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Angela Drake said...

Wow, Rebecca, that's a toughie. I have two perfectly responsible and mannerly daughters and one son has thrown everything I thought I knew about children and parenting on its head. I think I'm a little too tough on him sometimes, but that is a whole different thread and deserves a blog post of my own, so let me give some thoughts I've been ruminating on for about a month or so.
My daughters are entering puberty, and I want them to make good choices as adults, and I cannot come up with every behavior that is appropriate for any given scenario. If you teach ONLY appropriate behaviors, they'll not be able process the correct behavior when something unforseen happens. That's why we teach them values and the attitude we should take toward other people.
My son was hitting his sisters one day in the car after school, I told him to stop hitting his sisters, so he took a pencil and starting jabbing them with the eraser side. Stop jabbing your sister! So he put it down, and started using his baseball cap to swat at them. Pull the car over!! "RUSSELL! The intent of me telling you these things is so you do not HARM sisters in any way! I don't care what clever and creative ways you pick to actually abide by what I've told you throughout this entire drive! If it causes your sisters discomfort, then DON'T do it!! Physically, emotionally, anything of those! You want your sisters to enjoy being around you--that's the way I want you to be. Enjoyable to be around!"
So, hmmm, if you were able to sum up what value you your child to live out, the behavior will hopefully evolve.
Now, here's the catch. That's how MY brain works...We'll see in time if that is how sweet Russell's brain works, or Will's too. Now that you see what some potential snags in the "you are able to defend yourself" statement are: what is defending myself, where does it cross the line when it comes to younger people, how will other people perceive what I am doing?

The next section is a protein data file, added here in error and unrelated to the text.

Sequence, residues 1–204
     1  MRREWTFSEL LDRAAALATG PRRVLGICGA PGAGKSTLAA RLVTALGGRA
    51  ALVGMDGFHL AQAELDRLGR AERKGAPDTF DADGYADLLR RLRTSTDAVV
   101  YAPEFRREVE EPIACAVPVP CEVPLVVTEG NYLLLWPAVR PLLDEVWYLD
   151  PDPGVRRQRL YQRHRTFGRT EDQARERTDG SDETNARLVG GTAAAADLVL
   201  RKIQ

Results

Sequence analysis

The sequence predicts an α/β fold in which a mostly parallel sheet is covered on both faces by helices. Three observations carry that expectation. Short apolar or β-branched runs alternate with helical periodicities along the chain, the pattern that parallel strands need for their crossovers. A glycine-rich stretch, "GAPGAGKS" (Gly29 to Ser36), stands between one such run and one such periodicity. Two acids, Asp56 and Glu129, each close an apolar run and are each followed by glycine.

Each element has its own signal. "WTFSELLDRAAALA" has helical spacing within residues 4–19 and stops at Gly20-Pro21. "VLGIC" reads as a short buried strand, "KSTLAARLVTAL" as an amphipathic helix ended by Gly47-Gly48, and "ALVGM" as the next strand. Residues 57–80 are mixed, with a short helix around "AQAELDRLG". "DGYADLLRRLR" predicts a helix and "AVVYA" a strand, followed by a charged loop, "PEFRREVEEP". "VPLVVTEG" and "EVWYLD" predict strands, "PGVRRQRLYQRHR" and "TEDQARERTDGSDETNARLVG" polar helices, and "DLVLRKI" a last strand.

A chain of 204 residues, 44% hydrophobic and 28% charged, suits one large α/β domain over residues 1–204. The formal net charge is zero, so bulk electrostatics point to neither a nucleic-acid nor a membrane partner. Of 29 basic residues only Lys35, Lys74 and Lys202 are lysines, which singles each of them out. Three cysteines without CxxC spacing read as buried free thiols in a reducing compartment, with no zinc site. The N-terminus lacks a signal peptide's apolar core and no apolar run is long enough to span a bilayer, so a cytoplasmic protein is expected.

I would say, "You may defend yourself from bodily harm and abuse so long as it doesn't 1) cause the other person intentiona harm, 2) you didn't start the process rolling to begin with, and 3) you tried to get out of the situation by contacting an authority figure."
Then begin the conversation about how your own personal space is sacred to you, it belongs to you, and no one should be allowed to violate it. The same applies for you and other people. Don't violate their personal space, unless they have first broken that sancity.
I don't know...maybe too deep for a kid, but the intention is there to help them understand the underlying intentions for their actions...

bereccah5 said...

Angie - how did you ever get so smart? That is exactly the problem - the actual definition of the word versus the intention behind it. Thank you very much for such wise insight - makes perfect sense and I will be using it in very short order. Thank you. :-)

Mrs. Tuna said...

In many ways it feels like you;re chasing your tail. There is always a different situation for everything. Maybe you could tell him to ask himself what will mom and dad think if I do this?

bereccah5 said...

Good suggestion. His problem mostly is that when he gets upset, everything we've told him just goes right out the window. How do we help him remember this stuff during a stressful situation?